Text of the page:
Alfred Mitchell, from Salem, CT was a rich traveler who had been just about everywhere when he happened upon Port Antonio. He and his wife, Annie Tiffany Mitchell stayed at the then booming Titchfield Hotel and while there, fell in love with the area. Alfred decided to build a winter home on what was known as 'Folly Point'.(across the bay from Port Antonio) He purchased the land and set about building a Greek-Roman style villa in the winter of 1904-1905. It was a huge undertaking and cost a fortune, but Mr. Mitchell was happy with the outcome and built Horse stables, a 'Grotto' and Greek Cupola on the point to watch the breakers, and a large tropical garden on the property. It was a grand thing indeed. The house even had a steam-powered electrical generator in the basement and electric lights, which at the time, were the very latest luxury indeed. The mansion even had running water and a walk-in sauna bath on the lower level that measured 8' by 10' and 5' deep. Mr. Mitchell even had the first automobile in Jamaica, brought over by ship.(A huge Rolls-Royce touring car) Things were good indeed for the Mitchells. Their son-in-law; Hiram Bingham III was a notable South American explorer who discovered Macchu Picchu in 1912 and many other lost cities in the continent. In fact, the famous film-maker George Lucas was so inspired by Hiram that he used him as the inspiration for Indiana Jones in 'Raiders of the Lost Ark'(!)
Not to be outdone, Hiram's Great-grandfather Hiram Bingham I was the main Missionary to settle the Hawaiian Islands in the 1820's and wrote a book;' A Residence of Twenty-one Years in the Sandwich Islands' which inspired the famous author James Michener to pen 'Hawaii' and pattern his character, Abner Hale after Hiram! I don't know about you readers, but to me, that is plenty impressive.
Alas, nothing lasts forever, and in the spring of 1911, Alfred died at the ripe old age of 80. Annie stayed in the mansion for two more winters and sold the home and land to one of Lorenzo Dow Bakers son's who kept it for 4 years before abandoning the property. The JA gov. took over the place eventually and it fell into ruin. There are rumors of the builders mixing salt water into the concrete and that being the reason for the roof falling in around 1935, but that rumor, like so many others, is completely false. First, N.Y. construction firm, James Wilkerson & Co. was a tried and true professional outfit that, because of the remoteness of the location, brought everything with them by sailing ship to construct the house.(including the water) Also the second floor was made from wooden beams. The concrete portion has held up remarkably well considering the location and the 100 years that have passed. Also the local people raided the house shortly after it was abandoned and ripped out the second floor columns which supported the roof, and generally took whatever was not nailed down.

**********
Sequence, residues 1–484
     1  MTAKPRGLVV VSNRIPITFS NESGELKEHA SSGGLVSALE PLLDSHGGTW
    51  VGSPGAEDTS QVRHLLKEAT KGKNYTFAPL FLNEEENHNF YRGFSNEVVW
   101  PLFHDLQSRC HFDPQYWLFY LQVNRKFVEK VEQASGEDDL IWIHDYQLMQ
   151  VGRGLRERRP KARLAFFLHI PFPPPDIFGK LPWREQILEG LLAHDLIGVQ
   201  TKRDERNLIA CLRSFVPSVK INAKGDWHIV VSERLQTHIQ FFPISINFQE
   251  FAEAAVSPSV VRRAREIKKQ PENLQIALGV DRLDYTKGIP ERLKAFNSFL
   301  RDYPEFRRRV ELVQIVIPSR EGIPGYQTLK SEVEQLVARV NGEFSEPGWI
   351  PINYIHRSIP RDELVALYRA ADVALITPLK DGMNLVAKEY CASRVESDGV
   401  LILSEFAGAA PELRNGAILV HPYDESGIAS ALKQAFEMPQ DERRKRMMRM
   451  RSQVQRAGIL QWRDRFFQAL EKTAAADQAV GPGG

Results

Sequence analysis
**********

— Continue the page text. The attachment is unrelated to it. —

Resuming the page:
Errol was also fascinated by the mansion and planned to refurbish it and turn it into a resort. Nora refers to Folly house in her book 'Errol and Me' by saying her and Errol visited the 'old fort' at lighthouse point. I suppose it does look like a fort in some ways. Patrice Wymore Flynn told me at Errol's centennial birthday that her and Errol tried to buy the property but the JA gov. would only lease it to them, so they had the lease for a number of years.